Articles

On Interpreting Midrash

Rabbi Moshe Shamah is founder of the Sephardic Institute in Brooklyn, which he actively heads. Rabbi Shamah published a commentary on the Torah: Recalling the Covenant: A Contemporary Commentary on the Five Books of the Torah (Ktav, 2011). This is a lightly edited and abridged version of Rabbi Shamah’s two-part essay, “On Interpreting Midrash,” in his Commentary, pp. 336–358. It appears in Issue 15 of Conversations, the journal of the Institute for Jewish Ideas and Ideals.

Darkness that Leads to Enlightenment: Thoughts for Parashat Bo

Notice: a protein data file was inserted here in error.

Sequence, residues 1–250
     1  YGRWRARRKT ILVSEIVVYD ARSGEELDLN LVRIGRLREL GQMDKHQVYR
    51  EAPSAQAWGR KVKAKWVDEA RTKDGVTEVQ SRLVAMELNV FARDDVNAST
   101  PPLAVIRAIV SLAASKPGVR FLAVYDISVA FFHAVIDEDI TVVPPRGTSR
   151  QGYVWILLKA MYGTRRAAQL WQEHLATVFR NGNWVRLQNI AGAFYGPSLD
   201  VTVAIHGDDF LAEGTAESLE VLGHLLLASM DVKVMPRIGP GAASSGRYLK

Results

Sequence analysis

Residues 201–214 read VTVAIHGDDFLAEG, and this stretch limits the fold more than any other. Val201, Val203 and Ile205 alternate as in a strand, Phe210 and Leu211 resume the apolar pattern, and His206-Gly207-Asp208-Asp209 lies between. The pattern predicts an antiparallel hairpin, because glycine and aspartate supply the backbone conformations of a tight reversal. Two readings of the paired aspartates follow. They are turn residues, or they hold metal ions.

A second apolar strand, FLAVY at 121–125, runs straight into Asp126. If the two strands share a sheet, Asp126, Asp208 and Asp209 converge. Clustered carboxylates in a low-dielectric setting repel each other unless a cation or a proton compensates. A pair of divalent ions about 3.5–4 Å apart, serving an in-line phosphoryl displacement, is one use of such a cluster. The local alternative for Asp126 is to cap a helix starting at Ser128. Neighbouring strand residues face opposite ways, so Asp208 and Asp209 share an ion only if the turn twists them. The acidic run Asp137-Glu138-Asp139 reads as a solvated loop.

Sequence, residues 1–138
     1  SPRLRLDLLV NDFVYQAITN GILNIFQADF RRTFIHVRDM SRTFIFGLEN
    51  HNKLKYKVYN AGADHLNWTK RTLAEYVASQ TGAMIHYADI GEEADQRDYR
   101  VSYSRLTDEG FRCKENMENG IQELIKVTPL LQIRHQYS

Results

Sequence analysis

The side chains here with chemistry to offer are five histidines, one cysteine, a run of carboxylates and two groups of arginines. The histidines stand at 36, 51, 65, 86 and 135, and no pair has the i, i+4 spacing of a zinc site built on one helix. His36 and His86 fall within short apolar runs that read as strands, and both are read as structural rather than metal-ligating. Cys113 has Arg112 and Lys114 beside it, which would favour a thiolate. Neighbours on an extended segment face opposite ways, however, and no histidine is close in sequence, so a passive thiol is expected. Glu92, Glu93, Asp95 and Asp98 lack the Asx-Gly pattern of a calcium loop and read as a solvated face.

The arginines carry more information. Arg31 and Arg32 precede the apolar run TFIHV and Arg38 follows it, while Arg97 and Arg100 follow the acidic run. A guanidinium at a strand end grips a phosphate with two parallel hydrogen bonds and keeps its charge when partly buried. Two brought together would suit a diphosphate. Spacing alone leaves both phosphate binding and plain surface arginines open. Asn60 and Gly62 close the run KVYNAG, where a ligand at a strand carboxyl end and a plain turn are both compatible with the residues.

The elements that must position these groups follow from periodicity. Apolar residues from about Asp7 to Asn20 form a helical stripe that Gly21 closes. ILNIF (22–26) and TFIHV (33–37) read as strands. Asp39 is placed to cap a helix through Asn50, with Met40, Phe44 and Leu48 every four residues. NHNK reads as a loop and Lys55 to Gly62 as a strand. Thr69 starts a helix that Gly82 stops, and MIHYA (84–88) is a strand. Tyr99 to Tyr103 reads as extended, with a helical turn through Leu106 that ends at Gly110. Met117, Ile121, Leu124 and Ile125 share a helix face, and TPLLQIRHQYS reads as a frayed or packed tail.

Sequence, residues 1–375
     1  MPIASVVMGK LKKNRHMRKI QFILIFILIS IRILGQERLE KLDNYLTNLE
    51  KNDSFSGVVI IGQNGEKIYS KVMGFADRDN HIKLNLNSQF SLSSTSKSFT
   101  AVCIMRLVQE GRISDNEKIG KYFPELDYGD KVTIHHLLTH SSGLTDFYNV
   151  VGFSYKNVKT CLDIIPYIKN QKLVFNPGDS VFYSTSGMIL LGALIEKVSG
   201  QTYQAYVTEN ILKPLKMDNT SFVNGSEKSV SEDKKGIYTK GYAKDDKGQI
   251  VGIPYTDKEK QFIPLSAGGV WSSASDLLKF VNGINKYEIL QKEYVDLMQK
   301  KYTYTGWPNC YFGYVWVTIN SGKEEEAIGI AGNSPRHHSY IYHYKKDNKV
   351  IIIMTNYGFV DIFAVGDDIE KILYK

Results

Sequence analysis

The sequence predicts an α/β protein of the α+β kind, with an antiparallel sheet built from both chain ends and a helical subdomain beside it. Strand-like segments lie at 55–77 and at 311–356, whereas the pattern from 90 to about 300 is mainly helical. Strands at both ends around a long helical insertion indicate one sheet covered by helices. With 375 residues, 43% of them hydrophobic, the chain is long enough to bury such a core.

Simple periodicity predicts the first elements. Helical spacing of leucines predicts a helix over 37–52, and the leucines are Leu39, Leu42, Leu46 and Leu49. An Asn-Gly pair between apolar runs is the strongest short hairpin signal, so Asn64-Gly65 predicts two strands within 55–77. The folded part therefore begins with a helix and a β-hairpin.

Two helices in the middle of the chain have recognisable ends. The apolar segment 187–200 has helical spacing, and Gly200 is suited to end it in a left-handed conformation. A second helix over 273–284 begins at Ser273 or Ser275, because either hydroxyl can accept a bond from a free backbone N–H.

The plague of darkness might symbolize the need to periodically clear our minds and re-evaluate our assumptions. In the darkness and quiet of our inner selves, we can try to shed light on our opinions, values, attitudes and behaviors. An old proverb has it that “no one is so blind as the one who refuses to see.” We might offer an addendum to this proverb: “and no one sees so clearly as the one who has first experienced darkness.”

Needed: Redemptive Halakha

What we need now is prophetic, New Age halakha, dedicated to the great, authentic, ethical mission of the Jewish people as conveyed by the prophets, and combined with the demands of the Torah. The prophets preached a rare combination of particularism and universalism.